Liberty's Fallen Generals: Leadership and Sacrifice in the American War of Independence
From June 1775 to February 1781, during the American War of Independence, ten patriot generals died as a result of combat wounds. Their service and deaths spanned most of the warÆs duration and geographical expanse. The generals were a diverse group, with six born in America and four in Europe, three coming from professional military backgrounds, and the rest citizen-soldiers, mostly with limited military experience. As the colonists won their independence, the fallen generals became martyrs for the revolutionary ideals that would inspire later generations throughout the world. LibertyÆs Fallen Generals is the first book to analyze these key military leadersÆ service and the quality of their leadership in light of recent scholarship on the Revolutionary War. Each generalÆs profile provides background on military and political events leading to his emergence, assesses the general as a military leader in the war, and examines the campaign that culminated in his battle-related death. A compelling study in leadership and sacrifice, LibertyÆs Fallen Generals is essential reading for those interested in learning more about AmericaÆs earliest heroes.
What people are saying - Write a review
We haven't found any reviews in the usual places.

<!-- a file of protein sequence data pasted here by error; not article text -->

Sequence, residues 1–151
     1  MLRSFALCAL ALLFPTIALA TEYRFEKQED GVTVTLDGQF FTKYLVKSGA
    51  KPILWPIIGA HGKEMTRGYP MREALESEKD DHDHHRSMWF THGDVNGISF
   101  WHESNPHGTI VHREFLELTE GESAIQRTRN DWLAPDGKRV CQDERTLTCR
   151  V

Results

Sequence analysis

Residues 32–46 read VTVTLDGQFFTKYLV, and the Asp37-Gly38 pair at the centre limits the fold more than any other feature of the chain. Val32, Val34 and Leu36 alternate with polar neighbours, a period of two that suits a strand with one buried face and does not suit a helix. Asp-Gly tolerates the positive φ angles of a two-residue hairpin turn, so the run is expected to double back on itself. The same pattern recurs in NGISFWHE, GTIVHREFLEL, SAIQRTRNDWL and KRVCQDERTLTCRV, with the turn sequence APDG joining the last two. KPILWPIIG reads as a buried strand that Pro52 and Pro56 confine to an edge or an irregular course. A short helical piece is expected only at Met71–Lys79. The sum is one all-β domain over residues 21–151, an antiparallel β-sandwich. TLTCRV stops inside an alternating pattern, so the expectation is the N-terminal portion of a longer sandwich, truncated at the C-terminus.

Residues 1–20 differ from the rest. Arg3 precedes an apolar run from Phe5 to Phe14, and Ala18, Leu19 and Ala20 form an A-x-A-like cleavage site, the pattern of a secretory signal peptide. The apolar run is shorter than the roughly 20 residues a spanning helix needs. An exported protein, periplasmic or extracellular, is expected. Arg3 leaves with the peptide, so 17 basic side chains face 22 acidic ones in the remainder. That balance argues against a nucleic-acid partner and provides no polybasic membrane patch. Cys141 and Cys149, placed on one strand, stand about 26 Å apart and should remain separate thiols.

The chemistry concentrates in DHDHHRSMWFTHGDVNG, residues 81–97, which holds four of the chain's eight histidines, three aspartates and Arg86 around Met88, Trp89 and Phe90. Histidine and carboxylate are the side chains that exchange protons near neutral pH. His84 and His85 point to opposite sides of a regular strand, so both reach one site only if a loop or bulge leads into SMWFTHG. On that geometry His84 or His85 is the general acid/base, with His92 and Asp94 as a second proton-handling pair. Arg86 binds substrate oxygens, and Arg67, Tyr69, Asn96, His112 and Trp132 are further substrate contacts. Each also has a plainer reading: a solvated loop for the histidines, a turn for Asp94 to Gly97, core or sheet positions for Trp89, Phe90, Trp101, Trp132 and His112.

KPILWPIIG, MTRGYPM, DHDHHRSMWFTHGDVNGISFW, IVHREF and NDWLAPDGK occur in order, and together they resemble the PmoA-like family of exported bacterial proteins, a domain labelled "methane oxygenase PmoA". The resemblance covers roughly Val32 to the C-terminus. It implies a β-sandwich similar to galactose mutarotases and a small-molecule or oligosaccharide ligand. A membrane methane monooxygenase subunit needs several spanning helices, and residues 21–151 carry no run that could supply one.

Chapter 1 Joseph Warren AprilJune 1775
Chapter 2 Richard Montgomery JuneDecember 1775
Chapter 3 Nathaniel Woodhull JanuarySeptember 1776
Chapter 4 Hugh Mercer September 1776January 1777
Chapter 5 David Wooster JanuaryMay 1777
Chapter 6 Nicholas Herkimer MayAugust 1777
Chapter 7 Francis Nash AugustOctober 1777
Chapter 8 Casimir Pulaski October 1777October 1779
Other editions - View all
Abner Nash American Revolution army’s Arnold arrived artillery attack August battle began Benedict Arnold Boston Breed’s Hill brigade Britain British forces British ofﬁcer campaign captured Casimir Pulaski cavalry Charleston colonies colonists conﬂict Connecticut Continental Army Continental Congress Cornwallis Cornwallis’s County Danbury David Wooster defend despite enemy ﬁfteen ﬁght ﬁghting ﬁnal ﬁre ﬁred ﬁrst ﬁve ﬂed Francis Nash George Washington Germantown Greene’s Herkimer Howe’s Hugh Mercer hundred troops Johann de Kalb John July June Kalb’s killed later Lee Davidson liberty Long Island loyalists Massachusetts miles military militia Nathanael Greene Nicholas Herkimer North Carolina Line October ofﬁcers Pennsylvania Philadelphia Philip Schuyler Princeton Provincial Congress Quebec quoted in ibid quoted in Scheer rebel redcoats regiment retreat Revolutionary Richard Montgomery Road Scheer and Rankin seize September siege signiﬁcant soldiers South Southern Army Stanwix Thomas thousand troops Trenton twenty-ﬁve University Press Virginia Warren Washington’s army William William Lee Davidson Woodhull wounded wrote York